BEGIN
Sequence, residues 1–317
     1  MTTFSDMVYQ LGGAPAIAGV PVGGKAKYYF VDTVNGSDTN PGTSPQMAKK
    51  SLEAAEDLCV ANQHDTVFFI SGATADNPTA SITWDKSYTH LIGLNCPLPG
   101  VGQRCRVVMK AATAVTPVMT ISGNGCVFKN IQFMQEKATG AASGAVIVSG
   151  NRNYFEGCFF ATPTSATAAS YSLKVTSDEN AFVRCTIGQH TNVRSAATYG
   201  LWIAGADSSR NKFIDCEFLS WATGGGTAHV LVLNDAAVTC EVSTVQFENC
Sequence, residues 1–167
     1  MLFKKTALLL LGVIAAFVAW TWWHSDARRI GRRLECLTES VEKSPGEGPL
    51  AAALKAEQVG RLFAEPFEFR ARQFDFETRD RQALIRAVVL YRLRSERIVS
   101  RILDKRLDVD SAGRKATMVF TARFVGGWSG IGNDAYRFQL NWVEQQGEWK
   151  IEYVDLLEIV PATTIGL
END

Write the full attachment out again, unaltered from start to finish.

Sequence, residues 1–317
     1  MTTFSDMVYQ LGGAPAIAGV PVGGKAKYYF VDTVNGSDTN PGTSPQMAKK
    51  SLEAAEDLCV ANQHDTVFFI SGATADNPTA SITWDKSYTH LIGLNCPLPG
   101  VGQRCRVVMK AATAVTPVMT ISGNGCVFKN IQFMQEKATG AASGAVIVSG
   151  NRNYFEGCFF ATPTSATAAS YSLKVTSDEN AFVRCTIGQH TNVRSAATYG
   201  LWIAGADSSR NKFIDCEFLS WATGGGTAHV LVLNDAAVTC EVSTVQFENC
Sequence, residues 1–167
     1  MLFKKTALLL LGVIAAFVAW TWWHSDARRI GRRLECLTES VEKSPGEGPL
    51  AAALKAEQVG RLFAEPFEFR ARQFDFETRD RQALIRAVVL YRLRSERIVS
   101  RILDKRLDVD SAGRKATMVF TARFVGGWSG IGNDAYRFQL NWVEQQGEWK
   151  IEYVDLLEIV PATTIGL